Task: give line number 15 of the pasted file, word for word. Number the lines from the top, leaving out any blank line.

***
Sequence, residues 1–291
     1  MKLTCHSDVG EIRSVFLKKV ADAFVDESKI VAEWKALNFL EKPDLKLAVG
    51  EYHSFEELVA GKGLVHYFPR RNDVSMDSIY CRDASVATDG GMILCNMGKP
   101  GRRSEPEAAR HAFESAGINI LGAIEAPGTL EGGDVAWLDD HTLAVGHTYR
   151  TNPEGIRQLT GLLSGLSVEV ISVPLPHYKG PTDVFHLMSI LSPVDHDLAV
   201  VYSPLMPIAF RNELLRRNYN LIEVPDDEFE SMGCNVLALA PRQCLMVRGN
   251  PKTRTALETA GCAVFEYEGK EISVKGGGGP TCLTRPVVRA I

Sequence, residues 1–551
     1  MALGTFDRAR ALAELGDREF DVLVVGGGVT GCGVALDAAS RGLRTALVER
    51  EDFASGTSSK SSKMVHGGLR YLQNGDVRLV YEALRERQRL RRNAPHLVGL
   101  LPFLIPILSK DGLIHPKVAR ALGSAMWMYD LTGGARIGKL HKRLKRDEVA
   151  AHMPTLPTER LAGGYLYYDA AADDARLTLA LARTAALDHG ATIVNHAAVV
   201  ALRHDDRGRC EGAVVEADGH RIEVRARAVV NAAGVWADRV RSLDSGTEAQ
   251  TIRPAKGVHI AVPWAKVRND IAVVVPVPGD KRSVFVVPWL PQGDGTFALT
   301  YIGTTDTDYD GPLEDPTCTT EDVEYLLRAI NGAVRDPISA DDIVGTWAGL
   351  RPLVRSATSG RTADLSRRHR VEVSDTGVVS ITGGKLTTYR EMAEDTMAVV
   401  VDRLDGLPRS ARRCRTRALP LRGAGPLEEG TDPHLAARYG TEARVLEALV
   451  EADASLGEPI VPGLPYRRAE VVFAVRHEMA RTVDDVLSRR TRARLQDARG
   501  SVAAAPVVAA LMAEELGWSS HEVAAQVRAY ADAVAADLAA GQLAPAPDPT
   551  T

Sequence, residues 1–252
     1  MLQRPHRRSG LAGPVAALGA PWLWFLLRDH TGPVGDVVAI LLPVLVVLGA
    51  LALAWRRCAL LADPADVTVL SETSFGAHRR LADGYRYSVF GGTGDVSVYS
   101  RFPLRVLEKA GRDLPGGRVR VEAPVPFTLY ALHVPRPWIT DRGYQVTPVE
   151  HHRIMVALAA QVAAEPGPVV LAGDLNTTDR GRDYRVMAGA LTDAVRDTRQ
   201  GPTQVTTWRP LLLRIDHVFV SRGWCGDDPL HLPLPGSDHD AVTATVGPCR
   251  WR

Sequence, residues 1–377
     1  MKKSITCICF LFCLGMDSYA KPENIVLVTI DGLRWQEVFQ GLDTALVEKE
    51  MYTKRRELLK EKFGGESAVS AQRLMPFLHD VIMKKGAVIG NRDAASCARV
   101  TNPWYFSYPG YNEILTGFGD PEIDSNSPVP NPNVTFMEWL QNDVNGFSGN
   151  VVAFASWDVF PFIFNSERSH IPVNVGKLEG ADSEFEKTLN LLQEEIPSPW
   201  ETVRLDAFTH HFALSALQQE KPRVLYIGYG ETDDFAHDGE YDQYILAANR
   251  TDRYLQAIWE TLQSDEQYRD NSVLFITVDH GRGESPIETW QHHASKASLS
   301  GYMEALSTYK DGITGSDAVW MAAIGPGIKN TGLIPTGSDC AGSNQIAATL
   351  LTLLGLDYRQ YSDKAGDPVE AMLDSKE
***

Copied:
   301  YIGTTDTDYD GPLEDPTCTT EDVEYLLRAI NGAVRDPISA DDIVGTWAGL